Fidel Mondragon’s Ordination

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by Jessica Rinaudo

Before Fidel Mondragon landed in the Diocese of Shreveport, he spent many years in various seminaries, countries and a religious order, discerning the vocation God had planned for his life. After being a seminarian for the Diocese of Dallas, which downsized their foreign vocations, Fidel returned to Mexico before becoming a seminarian for the Diocese of Shreveport. That was two years ago.

And Fidel has made the most out of his two years as a seminarian for our diocese. He first went to Notre Dame Seminary in New Orleans where he took review classes on the sacraments and history of the Church, as well as English as a Second Language. He relished this time both for improving his English and for getting to know his brother seminarians of our diocese. Of them Fidel said,  “I got to know them, because once a month we would have dinner together – we would talk about how things were going.”

After finishing his seminary classes in May of last year, Fidel moved to Mansfield, where he assisted Fr. Matthew Long in parish life.
“When I arrived in Mansfield, I got involved with the community,” said Fidel. “I helped the Hispanic and Anglo communities… I started a new program – Christian Formation for Adults and Bible classes with Hispanics on Tuesdays. I visited people, I prayed the rosary with them. I helped Fr. Matthew with the Masses.”

During this time he also taught adult formation classes and assisted with retreats at St. Mary of the Pines in Shreveport, and Christ the King in Bossier City. His formation classes expanded to St. Thomas Aquinas in Ruston and Our Lady of Perpetual Help in Farmerville, allowing Fidel to become acquainted with people across the diocese.

It was during this time that Fidel organized a Year of Mercy event for the Hispanic community.

“Rosalba Quiroz [Hispanic Ministry Director] asked me to organize the visit to the Holy Door with the Hispanic Community because it was the Year of Mercy. We invited all of the diocese. … We organized a Stations of the Cross and did them in the Cathedral. After that, we explained the Year of Mercy, the meaning of mercy and why Pope Francis convoked the Year of Mercy. Then we had a holy hour with Fr. Rigo Betancurt, Fr. Al Jost and Fr. Blane O’Neill.  Bishop Duca was there, too,” said Fidel.

On December 10, 2016, Fidel was ordained to the transitional diaconate at St. Mary of the Pines, and a month later Bishop Duca assigned him to the Cathedral of St. John Berchmans, also serving St. Mary of the Pines two days a week. He still continues in this assignment.

“In the Cathedral I help with the everyday Mass and I have helped two times with the homily in English,” said Fidel “I help with the funerals, with the school Masses.”

After two years, Fidel has adjusted from life in Mexico to life in north Louisiana, and embraces his vocation here with open arms. The people and clergy, in turn, have welcomed him warmly.

“I am so grateful for Bishop Duca and all the priests here. They are very kind to me and welcome me. They tell me, ‘Fidel you are welcome. We are very glad to have you.’ They encourage me,” said Fidel.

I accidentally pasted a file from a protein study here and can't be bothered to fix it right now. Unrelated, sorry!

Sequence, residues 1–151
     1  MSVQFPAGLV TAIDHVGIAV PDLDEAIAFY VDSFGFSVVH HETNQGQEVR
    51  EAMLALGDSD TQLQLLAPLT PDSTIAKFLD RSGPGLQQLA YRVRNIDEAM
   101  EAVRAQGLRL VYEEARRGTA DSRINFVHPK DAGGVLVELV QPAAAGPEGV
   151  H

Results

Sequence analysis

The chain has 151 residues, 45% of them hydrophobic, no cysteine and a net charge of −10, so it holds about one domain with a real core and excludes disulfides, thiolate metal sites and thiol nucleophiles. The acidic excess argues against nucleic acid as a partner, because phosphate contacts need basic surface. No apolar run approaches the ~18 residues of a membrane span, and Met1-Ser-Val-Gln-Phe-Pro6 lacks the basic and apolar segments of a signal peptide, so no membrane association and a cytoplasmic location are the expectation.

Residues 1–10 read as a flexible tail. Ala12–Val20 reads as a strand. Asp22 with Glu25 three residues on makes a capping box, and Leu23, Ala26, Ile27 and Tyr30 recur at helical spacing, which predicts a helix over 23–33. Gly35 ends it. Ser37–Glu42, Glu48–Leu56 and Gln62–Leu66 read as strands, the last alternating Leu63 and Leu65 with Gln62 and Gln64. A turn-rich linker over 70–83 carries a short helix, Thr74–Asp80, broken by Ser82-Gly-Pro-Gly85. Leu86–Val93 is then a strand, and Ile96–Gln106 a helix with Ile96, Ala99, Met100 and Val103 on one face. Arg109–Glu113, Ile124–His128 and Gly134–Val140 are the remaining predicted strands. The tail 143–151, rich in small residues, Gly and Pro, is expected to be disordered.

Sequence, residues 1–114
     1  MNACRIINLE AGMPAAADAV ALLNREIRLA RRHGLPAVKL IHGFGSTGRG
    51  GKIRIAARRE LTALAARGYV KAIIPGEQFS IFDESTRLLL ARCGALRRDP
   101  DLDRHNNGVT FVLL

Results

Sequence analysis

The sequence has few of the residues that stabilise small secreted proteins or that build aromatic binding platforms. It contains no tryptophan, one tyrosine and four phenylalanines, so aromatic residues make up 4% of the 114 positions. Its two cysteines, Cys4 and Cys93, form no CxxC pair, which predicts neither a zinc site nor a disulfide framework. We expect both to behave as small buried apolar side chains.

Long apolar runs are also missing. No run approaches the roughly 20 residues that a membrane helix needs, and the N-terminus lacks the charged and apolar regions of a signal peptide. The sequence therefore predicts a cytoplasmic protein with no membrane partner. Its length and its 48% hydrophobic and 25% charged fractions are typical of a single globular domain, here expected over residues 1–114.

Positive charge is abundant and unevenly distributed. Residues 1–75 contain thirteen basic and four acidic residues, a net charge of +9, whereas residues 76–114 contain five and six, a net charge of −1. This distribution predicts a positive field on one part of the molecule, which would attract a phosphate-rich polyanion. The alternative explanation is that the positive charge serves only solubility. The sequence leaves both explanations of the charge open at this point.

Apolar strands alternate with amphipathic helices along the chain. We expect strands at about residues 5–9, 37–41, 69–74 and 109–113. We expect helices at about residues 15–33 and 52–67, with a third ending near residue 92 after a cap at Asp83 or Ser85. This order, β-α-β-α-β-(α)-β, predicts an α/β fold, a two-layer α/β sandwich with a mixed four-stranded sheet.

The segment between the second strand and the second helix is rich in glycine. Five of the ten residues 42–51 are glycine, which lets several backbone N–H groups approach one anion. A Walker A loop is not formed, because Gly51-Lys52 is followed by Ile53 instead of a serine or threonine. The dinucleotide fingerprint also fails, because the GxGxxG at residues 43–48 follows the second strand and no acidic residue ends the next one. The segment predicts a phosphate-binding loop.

“I feel comfortable here, I feel welcome in both communities. The Spanish community, ok they love you, but the Anglo community is very warm and they receive me,” added Fidel.

“I want to be part of this diocese, to consecrate my life as a priest,” he said.

And after so many years of discerning and traveling, Fidel is excited to finally be approaching his ordination to the priesthood and his ministry as a Catholic priest.

“I look forward to helping the people. I want to be the person who can manifest this mercy of God, this love of God and help the people be close to Christ. Because I talk with the people… they need somebody to hear them. I know my priest ordination is close, but this is when my work will begin,” said Fidel.
He added, “I remember my instructors in the seminary said, ‘This is not your goal to be a priest. The goal is first, your salvation.’ Following this vocation, I want to be with God, but I want many people, through me to be saved, too. They will hear the Word of God. I can give the Body of Christ. I can forgive sins, it is not me, but I can be this instrument. … This is what I want most for the people: to be this instrument to manifest the mercy of God, the love of God and drive them to Christ.”

As he reflected back on his long journey to the priesthood, Fidel shared stories of his time in seminary. One in particular reflected his vocational path.
“Sometimes when I was walking in the seminary, I would say, ‘I have this class and it is very difficult. And I will have a presentation tomorrow and the priest, he is tough.’ But I did my presentation, and when I finished I felt very good. I said, ‘This is not me on my own. Many people are praying for me, for my vocation. My family, my friends, the people around the world are praying for the seminarians, for the priests. … And after this difficult presentation I went to the chapel and I said, ‘Thank you God. For you are behind me, you sustain me. And I want to continue – because if you continue calling me, I want to continue answering you.’”

Fidel’s ordination to the priesthood will be Saturday, June 10, at 10:00 a.m. at the Cathedral of St. John Berchmans. Bishop Michael Duca will ordain Fidel as a priest for the Diocese of Shreveport. All members of the faithful are encouraged to attend.

“As a diocese, we are fortunate that Fidel’s journey has brought him to us so that he can serve the wonderful people of our region,” said Bishop Duca.  “I am anxious for our local Church to benefit from his ministry as an ordained priest and I believe he has so much to offer to our entire faith community.”

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